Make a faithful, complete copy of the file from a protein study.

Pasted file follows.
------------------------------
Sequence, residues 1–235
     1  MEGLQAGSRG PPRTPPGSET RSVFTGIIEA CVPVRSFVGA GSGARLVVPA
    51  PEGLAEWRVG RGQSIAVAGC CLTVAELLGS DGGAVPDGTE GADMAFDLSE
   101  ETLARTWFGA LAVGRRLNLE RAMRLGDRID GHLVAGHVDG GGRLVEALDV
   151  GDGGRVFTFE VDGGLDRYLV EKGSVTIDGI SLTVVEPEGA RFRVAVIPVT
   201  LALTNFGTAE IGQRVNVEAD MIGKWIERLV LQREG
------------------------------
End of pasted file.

Sequence, residues 1–235
     1  MEGLQAGSRG PPRTPPGSET RSVFTGIIEA CVPVRSFVGA GSGARLVVPA
    51  PEGLAEWRVG RGQSIAVAGC CLTVAELLGS DGGAVPDGTE GADMAFDLSE
   101  ETLARTWFGA LAVGRRLNLE RAMRLGDRID GHLVAGHVDG GGRLVEALDV
   151  GDGGRVFTFE VDGGLDRYLV EKGSVTIDGI SLTVVEPEGA RFRVAVIPVT
   201  LALTNFGTAE IGQRVNVEAD MIGKWIERLV LQREG